That is the question surrounding An Evil Love, Geoffrey Wansell's biography of Frederick West. It is the latest such book and follows copious reporting of Rosemary West's trial and conviction for 10 murders including the killing of her daughter and stepdaughter. For such a book still to be worthwhile, this writer - a well-regarded but undistinguished biographer of Cary Grant, Sir James Goldsmith and Terence Rattigan - would have to tell us something very special.
There is another doubt about the Wansell book. It has been commissioned by the State - by the Official Solicitor - expressly to raise money for West's children. In short, the details of this horror story have been sold for profit by an arm of the law; the very institution that put the serial killer behind bars.
Such a bizarre arrangement puts it into a different category to accounts of criminal's lives. Howard Marks, the drug smuggler, has just published his autobiography but his consequent profit from crime has not provoked outcry. Likewise, Inside 25 Cromwell St, written by West's children, Stephen and Mae, did not prompt debate about the fate of the proceeds. But the role of the Official Solicitor in Wansell's book - providing access to West's own 100-page "autobiography" - leaves a nasty taste. Consideration for the relatives of his victims requires that we are offered more than a state-sponsored freak show.
However, to be fair, Wansell's book has its virtues. It delivers a well-documented account of how this mass killer was created; a grim, unglamorous read. An admittedly secretive person himself, Wansell relentlessly pursues the truth through the haze of West's many deceptions.
It is the story of a young Frederick West, sexually initiated and beaten by his mother in a family where incest was accepted practice. From there he roamed, wooing, cajoling and coercing hundreds of women into fulfilling his fantasies. He could charm the authorities with his inoffensiveness: before his jail suicide, even his prison officers were photographed joking with him. Good old Fred, what a laugh.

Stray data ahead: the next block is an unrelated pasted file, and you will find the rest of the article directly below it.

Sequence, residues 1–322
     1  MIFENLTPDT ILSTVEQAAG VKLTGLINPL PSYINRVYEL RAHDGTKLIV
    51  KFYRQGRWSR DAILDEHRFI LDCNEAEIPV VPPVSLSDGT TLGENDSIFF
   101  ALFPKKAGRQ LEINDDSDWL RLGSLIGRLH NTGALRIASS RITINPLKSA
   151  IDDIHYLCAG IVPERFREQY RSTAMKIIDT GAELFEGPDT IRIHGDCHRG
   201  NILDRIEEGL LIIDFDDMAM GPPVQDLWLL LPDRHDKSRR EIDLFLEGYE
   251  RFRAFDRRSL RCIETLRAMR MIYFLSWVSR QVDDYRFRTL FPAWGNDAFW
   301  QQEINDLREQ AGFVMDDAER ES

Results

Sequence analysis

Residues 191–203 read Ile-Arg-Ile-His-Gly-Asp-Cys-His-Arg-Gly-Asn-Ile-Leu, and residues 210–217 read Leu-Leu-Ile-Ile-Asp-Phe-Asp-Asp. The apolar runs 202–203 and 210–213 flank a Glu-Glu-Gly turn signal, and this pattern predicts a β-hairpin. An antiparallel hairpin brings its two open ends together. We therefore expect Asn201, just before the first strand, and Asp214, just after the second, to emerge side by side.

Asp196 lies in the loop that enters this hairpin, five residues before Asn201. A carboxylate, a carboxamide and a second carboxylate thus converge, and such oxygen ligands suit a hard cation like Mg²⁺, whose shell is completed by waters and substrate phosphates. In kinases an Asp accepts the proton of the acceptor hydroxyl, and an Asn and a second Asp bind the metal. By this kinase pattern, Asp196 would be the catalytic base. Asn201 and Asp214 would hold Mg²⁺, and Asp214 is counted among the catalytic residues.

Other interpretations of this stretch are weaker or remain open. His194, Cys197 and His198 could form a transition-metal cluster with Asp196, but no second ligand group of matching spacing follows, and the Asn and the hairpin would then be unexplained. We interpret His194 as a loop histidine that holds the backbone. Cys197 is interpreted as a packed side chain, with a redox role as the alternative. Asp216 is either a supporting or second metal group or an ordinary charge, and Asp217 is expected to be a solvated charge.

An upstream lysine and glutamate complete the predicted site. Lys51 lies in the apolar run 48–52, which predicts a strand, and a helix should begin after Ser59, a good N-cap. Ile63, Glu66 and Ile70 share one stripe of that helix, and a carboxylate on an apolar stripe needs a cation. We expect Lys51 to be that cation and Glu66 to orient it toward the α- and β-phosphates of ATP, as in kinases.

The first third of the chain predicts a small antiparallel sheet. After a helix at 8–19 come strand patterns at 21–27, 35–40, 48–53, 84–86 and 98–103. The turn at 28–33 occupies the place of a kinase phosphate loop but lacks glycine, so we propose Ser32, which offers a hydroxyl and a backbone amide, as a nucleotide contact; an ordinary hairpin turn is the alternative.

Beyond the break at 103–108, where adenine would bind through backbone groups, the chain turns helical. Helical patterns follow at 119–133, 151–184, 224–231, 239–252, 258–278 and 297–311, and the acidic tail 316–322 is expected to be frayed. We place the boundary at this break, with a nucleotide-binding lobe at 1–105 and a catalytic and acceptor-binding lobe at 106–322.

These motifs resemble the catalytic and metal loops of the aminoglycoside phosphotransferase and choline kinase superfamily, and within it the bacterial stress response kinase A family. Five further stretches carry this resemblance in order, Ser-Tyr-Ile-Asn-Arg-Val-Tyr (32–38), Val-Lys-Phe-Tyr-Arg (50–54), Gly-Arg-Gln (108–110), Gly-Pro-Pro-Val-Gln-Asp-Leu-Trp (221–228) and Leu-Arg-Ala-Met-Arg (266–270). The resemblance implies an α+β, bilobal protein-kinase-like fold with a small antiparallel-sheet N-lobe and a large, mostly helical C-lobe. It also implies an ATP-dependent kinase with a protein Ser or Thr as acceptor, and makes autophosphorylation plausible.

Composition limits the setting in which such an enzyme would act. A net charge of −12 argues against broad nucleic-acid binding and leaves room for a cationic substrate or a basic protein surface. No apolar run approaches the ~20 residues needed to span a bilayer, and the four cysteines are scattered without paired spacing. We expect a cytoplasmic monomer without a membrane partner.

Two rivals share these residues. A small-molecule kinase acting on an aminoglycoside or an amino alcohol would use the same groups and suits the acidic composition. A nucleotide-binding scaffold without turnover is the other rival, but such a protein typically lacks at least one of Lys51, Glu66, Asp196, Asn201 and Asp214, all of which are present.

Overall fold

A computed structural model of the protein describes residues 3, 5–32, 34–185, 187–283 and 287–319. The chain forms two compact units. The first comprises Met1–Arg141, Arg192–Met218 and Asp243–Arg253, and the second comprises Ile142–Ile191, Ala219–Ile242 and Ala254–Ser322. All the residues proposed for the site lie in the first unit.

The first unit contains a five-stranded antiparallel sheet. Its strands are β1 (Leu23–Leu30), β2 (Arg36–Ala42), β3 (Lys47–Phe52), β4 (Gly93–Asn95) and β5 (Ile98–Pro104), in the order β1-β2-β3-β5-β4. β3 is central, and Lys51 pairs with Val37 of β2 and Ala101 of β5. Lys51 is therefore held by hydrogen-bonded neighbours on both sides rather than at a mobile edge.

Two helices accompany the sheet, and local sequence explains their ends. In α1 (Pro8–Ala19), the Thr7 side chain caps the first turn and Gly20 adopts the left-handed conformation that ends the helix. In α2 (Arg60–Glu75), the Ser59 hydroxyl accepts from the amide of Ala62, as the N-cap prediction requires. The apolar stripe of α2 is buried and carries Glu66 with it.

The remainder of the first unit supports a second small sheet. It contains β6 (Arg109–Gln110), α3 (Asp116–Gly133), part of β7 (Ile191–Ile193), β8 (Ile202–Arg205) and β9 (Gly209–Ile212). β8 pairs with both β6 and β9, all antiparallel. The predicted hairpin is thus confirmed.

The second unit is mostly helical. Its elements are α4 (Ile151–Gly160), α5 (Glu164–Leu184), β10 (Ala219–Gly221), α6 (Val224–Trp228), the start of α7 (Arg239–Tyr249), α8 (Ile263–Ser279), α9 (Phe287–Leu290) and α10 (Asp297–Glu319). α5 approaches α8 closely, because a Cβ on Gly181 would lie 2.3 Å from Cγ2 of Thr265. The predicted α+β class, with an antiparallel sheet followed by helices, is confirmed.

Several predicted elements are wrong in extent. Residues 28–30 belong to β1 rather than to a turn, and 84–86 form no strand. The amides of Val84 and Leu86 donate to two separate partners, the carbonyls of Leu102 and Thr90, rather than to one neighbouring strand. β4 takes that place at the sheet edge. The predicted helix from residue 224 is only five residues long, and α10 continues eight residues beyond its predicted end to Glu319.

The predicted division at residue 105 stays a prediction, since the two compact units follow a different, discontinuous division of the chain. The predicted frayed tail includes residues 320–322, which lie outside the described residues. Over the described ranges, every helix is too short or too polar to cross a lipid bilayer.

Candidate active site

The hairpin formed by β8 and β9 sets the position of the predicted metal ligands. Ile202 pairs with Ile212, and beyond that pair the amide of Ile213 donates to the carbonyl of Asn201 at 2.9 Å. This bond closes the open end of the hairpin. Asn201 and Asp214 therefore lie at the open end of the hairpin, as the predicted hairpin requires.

There was nothing - including murder - that West could not get away with. And he encountered two key women, his first wife, Rena (a prostitute whom he eventually murdered) and Rose West, each of whom also suffered abusive upbringings and had fantasies he had never even imagined. Together, they went on a wild orgy of sex and violence in which depravity, argues Wansell, was their way of expressing love. And 25 Cromwell St, a lodging house with its constant stream of waifs and strays, was an ideal location.
All this is true. But it is little more than we know already and hardly justifies another agonising trawl through the horrors of West's life. More importantly, the book disappoints by not looking beyond a fascination with the story's central characters. It fails to locate the thread that links Fred and Rosemary, their fantasies and their actions, to people like you and me.
The Wests remain monsters, outsiders, not a challenge to our own personal thinking. At most, their ordinariness alerts us to the possibility that child abusers may be found in the most mundane and apparently normal situations. But we have yet to be challenged in this whole affair about what we, personally, share with them.